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I am trying to implement Joda-Time to count down to Christmas, but so far I'm struck. I tried java.util.Date and most StackOverflow questions and answers suggested to use Joda-Time. But I can't get it working. Some codes give different answers.

Here are some codes I tried,

DateTime now = new DateTime();
DateTime christmas = new DateTime(2012, 12, 25, 8, 0, 0, 0);
Days daysToChristmas = Days.daysBetween(today, christmas); 
System.out.println(daysToChristmas.toString());

And this prints P187D as answer.

DateTime start = new DateTime(DateTime.now());
DateTime end = new DateTime(2012, 12, 25, 0, 0, 0 ,0);
Interval interval = new Interval(start, end);
Period period = interval.toPeriod();
System.out.println("Seconds " + period.getSeconds());
System.out.println("Minutes " + period.getMinutes());
System.out.println("Hours " + period.getHours());
System.out.println("Days " + period.getDays());

And this prints following result,

Seconds 36
Minutes 21
Hours 7
Days 4

Where I went wrong?

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What's wrong with the first code? –  Emil Vikström Jun 20 '12 at 11:13
    
It prints P187D. How do I get Days, hours, minutes and seconds from that object? –  Isuru Madusanka Jun 20 '12 at 11:17

3 Answers 3

up vote 11 down vote accepted

You should be using a Period in order to determine the number of months/days/etc involved:

Period period = new Period(start, end);

Converting an Interval to a period would have been fine too, but parameterless overload includes all period units - and you weren't printing out the months.

Now if you only want days, hours, minutes, seconds then you need to create an appropriate PeriodType, e.g.

PeriodType periodType = PeriodType.dayTime().withMillisRemoved();
Period period = new Period(start, end, periodType);

Then you can ask for those individual fields, and all should be well.

(You could actually use just dayTime(), given that the millis won't interfere with anything else.)

So you can either build your period directly from the start and end as above, or if you want to keep the Interval, you can use:

Period period = interval.toPeriod(periodType);
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I cannot believe I'm saying this to you of all people, but… I believe you are incorrect about that first sentence. The Interval class does indeed understand beginning and ending DateTime objects. I suspect you confused Interval with the Duration class. In Joda-Time, a Duration is a length of time in milliseconds, without a position on the timeline. The Question's example code's use of Interval is correct, if unnecessary. –  Basil Bourque Mar 2 at 11:15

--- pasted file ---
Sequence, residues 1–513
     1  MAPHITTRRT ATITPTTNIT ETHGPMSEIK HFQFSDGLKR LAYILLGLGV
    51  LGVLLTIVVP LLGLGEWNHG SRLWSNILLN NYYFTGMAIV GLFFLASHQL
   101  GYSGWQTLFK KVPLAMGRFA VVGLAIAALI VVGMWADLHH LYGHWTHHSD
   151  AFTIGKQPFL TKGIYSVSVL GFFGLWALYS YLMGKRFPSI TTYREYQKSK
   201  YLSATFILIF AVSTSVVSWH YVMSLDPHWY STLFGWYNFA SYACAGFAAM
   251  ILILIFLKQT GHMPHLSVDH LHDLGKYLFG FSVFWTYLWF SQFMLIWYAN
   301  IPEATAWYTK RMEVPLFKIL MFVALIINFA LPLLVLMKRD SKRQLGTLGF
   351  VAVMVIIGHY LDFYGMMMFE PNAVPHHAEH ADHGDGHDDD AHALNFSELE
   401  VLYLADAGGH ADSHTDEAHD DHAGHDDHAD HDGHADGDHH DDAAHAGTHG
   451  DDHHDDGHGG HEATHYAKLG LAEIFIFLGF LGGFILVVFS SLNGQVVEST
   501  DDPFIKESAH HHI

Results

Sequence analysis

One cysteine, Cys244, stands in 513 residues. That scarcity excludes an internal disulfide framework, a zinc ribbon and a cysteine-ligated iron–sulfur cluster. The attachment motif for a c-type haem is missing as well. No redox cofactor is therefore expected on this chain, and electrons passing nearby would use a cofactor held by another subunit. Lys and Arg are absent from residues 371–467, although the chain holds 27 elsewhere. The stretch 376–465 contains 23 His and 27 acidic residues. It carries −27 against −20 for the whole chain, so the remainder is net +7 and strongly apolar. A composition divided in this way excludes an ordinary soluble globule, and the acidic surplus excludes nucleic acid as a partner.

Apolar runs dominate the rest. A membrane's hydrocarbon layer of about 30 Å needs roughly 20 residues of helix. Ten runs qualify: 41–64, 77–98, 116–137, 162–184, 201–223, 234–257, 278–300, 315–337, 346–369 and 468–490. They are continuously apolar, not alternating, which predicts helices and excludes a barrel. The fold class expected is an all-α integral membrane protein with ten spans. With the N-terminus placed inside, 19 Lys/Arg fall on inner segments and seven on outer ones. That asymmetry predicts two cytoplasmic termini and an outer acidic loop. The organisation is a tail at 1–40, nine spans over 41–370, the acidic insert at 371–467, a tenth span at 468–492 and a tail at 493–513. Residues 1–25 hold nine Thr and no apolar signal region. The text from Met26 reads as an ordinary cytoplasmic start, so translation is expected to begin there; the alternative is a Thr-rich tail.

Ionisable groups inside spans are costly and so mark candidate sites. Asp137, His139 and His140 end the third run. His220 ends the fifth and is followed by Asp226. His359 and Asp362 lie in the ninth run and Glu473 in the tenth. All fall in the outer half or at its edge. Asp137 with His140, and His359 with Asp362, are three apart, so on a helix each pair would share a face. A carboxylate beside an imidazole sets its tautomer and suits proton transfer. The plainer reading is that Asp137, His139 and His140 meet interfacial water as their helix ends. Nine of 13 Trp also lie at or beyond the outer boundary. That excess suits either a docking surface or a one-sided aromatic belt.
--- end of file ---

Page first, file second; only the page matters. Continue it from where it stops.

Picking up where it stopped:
@BasilBourque: You're definitely right that I was getting confused with duration. Interval is to my mind still logically the wrong type as it's documented to be the time between two instants, which means there should be no chronology involved - however Interval also stores a Chronology, so you can indeed get back the appropriate end points as DateTime values. I think it's probably best to just scrub the first couple of sentences, which I'll do now :) –  Jon Skeet Mar 2 at 12:22
    
@BasilBourque: I decided to restructure things a bit more, in the end. Thanks so much for the correction! –  Jon Skeet Mar 2 at 12:25

The first code prints P187D, in ISO 8601 format.

The second code prints only 4 days because you're missing the months (period.getMonths()).

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Well, is there a way to convert months to dates, I don't need months, I just need days. –  Isuru Madusanka Jun 20 '12 at 11:25
    
@Jon Skeet's answer already explains how to do that. –  tibtof Jun 20 '12 at 11:28

You can use this code.

DateTime dt1 = new DateTime();
DateTime dt2 = new DateTime(2012, 12, 25, 0, 0, 0, 0);
int seconds=Seconds.secondsBetween(dt1, dt2).getSeconds();

int noOfDays=seconds/(24*60*60);
int noOfHours=(seconds%(24*60*60))/(60*60);
int noOfMinutes=((seconds%(24*60*60))%(60*60))/60;
int noSec=((seconds%(24*60*60))%(60*60))%60;

System.out.println("Time Left For christmas");
System.out.println("Days Left="+noOfDays+" Hours="+noOfHours+" Minutes="+noOfMinutes+" Seconds="+noSec);
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